The Film Mashup series took a turn to the negative last Friday as I reviewed some plays from struggling young cornerback Juston Burris. So, today, let’s flip the switch back to the optimistic side and get ourselves hyped through the play of two promising young DBs: Jamal Adams and Marcus Maye.
Both players flashed potential on all areas of the field, but each seemed to be more consistently strong in the run game. Here’s a great play from Maye. His patience and anticipation are excellent and both are on display here. He keeps the play in front of him and explodes to the ball at the perfect moment, finishing down low.
Unlike Adams, who seemed to have a knack for missing low hits, I thought Maye was very sound with finishing low, showcased here.
In spite of his tendency to inexplicably go for diving tackles and ankle tackles, Adams’ play against the run was still very strong, for many of the same reasons as Maye. His anticipation and IQ are usually very good.
The receiver motions into an H back position and Adams is his assignment. Unfortunately for him and the Broncos, Adams knows where this play is going immediately, and with his instant explosion is unblockable. Plenty of players can run fast and explode off the snap, but not all of them run with anticipation to the correct spot. Adams can do that consistently.
More patience, discipline and anticipation from Maye. He never panics or bites and stays home defending his gap, closing at the correct time to meet the runner head-on.
Credit to Muhammad Wilkerson where it’s due for assisting on the tackle.
Maye drew fewer man-to-man assignments than Adams did, as his anticipation and IQ are better used as a deep safety. Adams’ advantage as an athlete made him a better choice for matching up with guys like Rob Gronkowski and Travis Kelce. Overall, I think Maye had a better year in coverage, since Adams did yield a lot of production in the middle part of the season to tight ends. However, Maye did finish the final quarter of the season poorly. Both have potential against the pass but still have things to clean up in that facet of their games to become consistent.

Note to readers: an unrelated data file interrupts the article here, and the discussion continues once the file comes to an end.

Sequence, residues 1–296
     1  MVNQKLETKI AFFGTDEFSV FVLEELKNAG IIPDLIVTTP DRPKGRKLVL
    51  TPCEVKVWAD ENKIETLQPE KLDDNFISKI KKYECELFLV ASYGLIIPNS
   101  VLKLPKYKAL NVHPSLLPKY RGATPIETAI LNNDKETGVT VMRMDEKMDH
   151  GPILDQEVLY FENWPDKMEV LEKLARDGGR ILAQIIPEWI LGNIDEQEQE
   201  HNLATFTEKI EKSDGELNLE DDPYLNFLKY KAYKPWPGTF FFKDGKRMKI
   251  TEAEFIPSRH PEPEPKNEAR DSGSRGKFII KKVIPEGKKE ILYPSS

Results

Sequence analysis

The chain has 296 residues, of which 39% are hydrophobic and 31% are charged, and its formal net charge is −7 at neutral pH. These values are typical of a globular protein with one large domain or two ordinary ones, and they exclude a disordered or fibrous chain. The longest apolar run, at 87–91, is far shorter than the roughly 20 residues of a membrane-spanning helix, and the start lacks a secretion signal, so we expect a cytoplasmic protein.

Anyway, this is a positive mashup! Here’s why Maye plays a lot of center field. He runs this route for the wide receiver and finishes with the interception (the important part).
Do not underestimate the ability to finish picks on defense. Sure, sometimes we can pull the “these guys play defense for a reason” excuse, but those opportunities are few and far between. Teams that convert them the most are giving themselves a tremendous advantage over the rest of the league.
Bouncing off that, here is an effectively good play from Jamal Adams in coverage. Great break on the ball without committing a penalty to bring the team within a play of winning the game.
You just really would like to see more balls like this one going the other way; and this was far from the only instance for Adams. It’s an issue he has publicly recognized, though.
Now, just because Jamal Adams didn’t put an interception in the box score, that doesn’t mean he didn’t create any interceptions. He had contributions on a few, but here is one he creates directly. Nobody blocks him on this blitz, but I like how he slows up a bit as he recognizes the quick pass, then makes an athletic play on the ball.
Mo is the beneficiary of Adams’ athleticism and awareness.
Let’s finish with a GIF that will leave you hopeful of the future. You might remember this play from the Week 2 Oakland game, but if you do, you certainly do not remember watching it live (unless you were in Oakland). That’s because this display of greatness wasn’t shown in its full glory on the TV broadcast or given an ounce of attention by the announcers.
When you see the whole field, you can appreciate how amazing this play was. Adams comes across the field and leaps over two teammates to take down one of the toughest runners in NFL history and save a touchdown.
Awesome, awesome display of hustle.
Who was better in coverage in 2017?
This poll is closed